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Environmental pollutants in large Norwegian lakes

Date:
May 19, 2017
Source:
Norwegian Institute for Water Research (NIVA)
Summary:
Scientists have discovered the presence of contaminants in the pelagic food chains in the lakes Mjøsa, Randsfjorden and Femunden in Norway, and in supplementary material of fish from Tyrifjorden and Vansjø, sampled in 2015. Mercury and persistent organic pollutants (cVMS, PCBs, PBDEs, PFAS) were analyzed in samples of fish from all lakes, as well as pelagic crustaceans in Mjøsa.
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Smelt from Mjøsa.
Credit: Eirik Fjeld, NIVA

The Norwegian Institute for Water Research (NIVA) and The Norwegian Institute for Air Research (NILU) report here on the presence of contaminants in the pelagic food chains in the lakes Mjøsa, Randsfjorden and Femunden and in supplementary material of fish from Tyrifjorden and Vansjø, sampled in 2015.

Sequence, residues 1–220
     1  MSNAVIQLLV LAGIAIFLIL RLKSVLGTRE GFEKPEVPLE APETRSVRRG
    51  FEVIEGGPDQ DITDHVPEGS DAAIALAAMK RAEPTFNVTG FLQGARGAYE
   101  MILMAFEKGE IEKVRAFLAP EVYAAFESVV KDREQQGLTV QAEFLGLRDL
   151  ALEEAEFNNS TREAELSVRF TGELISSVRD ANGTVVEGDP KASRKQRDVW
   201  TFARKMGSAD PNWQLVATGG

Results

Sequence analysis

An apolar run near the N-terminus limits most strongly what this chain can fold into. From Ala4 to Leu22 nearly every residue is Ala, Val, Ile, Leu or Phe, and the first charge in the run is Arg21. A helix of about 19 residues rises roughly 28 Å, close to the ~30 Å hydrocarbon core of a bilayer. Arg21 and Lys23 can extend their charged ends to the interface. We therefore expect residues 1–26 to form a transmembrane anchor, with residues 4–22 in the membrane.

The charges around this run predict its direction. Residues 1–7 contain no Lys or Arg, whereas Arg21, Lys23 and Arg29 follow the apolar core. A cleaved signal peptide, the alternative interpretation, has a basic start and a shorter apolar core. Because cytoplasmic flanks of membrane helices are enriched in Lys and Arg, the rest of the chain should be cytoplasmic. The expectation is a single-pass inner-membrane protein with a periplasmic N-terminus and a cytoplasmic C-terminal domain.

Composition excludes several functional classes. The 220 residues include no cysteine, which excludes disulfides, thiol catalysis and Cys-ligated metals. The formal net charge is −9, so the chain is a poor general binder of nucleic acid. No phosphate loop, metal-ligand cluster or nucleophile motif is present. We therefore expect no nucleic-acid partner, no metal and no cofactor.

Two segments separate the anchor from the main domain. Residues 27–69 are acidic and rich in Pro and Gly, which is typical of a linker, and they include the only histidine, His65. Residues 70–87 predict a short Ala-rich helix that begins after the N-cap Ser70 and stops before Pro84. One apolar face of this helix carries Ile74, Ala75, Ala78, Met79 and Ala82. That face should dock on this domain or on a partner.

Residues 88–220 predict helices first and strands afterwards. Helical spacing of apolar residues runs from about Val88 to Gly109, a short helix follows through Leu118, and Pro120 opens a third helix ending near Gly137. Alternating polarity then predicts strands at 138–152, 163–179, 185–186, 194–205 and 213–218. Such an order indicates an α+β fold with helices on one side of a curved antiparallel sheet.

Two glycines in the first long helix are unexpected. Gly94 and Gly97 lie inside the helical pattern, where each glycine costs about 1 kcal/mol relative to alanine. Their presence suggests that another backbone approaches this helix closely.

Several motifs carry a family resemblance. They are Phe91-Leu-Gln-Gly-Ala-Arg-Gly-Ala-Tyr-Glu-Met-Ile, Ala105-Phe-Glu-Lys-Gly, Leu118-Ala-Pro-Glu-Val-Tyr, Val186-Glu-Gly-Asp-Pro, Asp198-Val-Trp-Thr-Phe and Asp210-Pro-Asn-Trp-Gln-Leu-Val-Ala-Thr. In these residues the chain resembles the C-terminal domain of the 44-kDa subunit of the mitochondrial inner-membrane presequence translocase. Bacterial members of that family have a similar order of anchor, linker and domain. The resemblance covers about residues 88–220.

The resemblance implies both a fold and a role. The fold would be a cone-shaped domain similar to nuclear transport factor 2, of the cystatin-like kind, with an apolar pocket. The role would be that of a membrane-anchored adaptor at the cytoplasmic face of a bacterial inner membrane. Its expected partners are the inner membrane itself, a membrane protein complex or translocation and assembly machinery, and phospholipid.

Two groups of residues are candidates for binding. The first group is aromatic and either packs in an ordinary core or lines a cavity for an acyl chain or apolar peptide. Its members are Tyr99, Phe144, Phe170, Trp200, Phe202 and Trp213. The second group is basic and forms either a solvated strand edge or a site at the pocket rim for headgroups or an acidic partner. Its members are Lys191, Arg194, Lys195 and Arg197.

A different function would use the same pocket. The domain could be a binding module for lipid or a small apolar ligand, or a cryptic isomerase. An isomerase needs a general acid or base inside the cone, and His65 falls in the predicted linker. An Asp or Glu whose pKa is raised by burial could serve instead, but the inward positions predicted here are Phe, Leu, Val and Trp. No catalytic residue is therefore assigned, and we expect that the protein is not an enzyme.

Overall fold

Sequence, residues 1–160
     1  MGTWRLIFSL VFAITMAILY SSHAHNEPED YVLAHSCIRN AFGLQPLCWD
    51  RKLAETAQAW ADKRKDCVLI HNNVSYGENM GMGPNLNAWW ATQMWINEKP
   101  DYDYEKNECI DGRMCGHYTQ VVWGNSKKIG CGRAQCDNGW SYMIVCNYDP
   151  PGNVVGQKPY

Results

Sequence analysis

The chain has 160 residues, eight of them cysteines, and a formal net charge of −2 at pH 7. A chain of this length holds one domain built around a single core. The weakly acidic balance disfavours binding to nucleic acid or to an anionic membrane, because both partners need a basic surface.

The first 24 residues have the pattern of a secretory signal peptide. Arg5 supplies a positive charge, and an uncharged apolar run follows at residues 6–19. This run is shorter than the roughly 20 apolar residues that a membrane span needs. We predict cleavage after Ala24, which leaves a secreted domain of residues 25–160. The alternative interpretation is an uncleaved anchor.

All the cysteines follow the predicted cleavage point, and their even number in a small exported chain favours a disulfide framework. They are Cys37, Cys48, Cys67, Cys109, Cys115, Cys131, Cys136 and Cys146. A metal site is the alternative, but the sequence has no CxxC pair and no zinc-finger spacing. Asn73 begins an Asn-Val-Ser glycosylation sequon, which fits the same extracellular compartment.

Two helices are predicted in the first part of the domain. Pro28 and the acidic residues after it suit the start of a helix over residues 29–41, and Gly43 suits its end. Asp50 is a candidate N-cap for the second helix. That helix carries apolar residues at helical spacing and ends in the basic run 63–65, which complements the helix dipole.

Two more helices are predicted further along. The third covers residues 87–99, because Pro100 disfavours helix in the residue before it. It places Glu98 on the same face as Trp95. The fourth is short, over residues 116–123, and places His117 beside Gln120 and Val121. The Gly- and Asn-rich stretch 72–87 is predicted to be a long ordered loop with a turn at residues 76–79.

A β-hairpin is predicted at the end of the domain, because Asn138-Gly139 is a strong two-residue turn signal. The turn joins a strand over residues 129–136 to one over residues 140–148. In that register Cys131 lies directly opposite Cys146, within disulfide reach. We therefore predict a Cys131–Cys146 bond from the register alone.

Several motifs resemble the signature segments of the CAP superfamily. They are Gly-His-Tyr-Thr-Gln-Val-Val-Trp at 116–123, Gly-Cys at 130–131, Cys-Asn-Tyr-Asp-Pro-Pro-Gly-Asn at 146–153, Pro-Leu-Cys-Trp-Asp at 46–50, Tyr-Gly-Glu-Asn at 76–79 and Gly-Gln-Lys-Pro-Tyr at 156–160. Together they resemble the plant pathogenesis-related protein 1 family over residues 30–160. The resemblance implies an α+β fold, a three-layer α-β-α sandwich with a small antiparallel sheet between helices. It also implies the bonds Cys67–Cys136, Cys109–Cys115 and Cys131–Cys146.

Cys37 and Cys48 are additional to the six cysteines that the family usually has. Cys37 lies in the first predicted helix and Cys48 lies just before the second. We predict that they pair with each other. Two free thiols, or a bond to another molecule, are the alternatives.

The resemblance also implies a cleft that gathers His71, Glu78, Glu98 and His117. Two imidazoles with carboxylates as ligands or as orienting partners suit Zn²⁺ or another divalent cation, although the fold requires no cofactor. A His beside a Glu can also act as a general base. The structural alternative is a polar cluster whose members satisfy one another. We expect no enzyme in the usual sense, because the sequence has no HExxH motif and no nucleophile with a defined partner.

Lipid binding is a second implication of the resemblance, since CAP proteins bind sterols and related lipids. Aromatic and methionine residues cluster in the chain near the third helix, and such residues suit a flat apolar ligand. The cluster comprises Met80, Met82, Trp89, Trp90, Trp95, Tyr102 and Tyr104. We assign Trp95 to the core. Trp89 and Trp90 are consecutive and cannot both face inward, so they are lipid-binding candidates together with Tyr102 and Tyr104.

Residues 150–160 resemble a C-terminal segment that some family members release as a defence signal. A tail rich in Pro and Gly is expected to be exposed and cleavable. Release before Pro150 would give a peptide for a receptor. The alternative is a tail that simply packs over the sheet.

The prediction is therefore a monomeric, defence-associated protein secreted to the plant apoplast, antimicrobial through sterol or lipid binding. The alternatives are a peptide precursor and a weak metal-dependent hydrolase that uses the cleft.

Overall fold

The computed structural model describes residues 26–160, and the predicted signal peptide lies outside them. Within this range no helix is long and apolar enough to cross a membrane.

Mercury and persistent organic pollutants (cVMS, PCBs, PBDEs, PFAS) were analyzed in samples of fish from all lakes, as well as pelagic crustaceans in Mjøsa.

Among the key findings are that the siloxanes D5 and D6 show trophic magnification in Mjøsa and Randsfjorden and that PFTrA is the dominating PFAS in liver samples of fish.

This data from Norwegian monitoring programs make the basis for a suggested EU ban of certain chemicals in personal care products.

The levels of environmental contaminants in the pelagic food webs of lake Mjøsa, Randsfjorden and lake Femunden have been mapped since 2013. In these three lakes, there is moderate, little and negligible environmental influence, respectively, of discharges from the local communities, agriculture and industry. The research is done by The Norwegian Institute of Water Research (NIVA) and The Norwegian Institute of Air Research (NILU) on behalf of The Norwegian Environment Agency and is part of the monitoring program "Environmental pollutants in large Norwegian lakes" ("Miljøgifter i store innsjøer").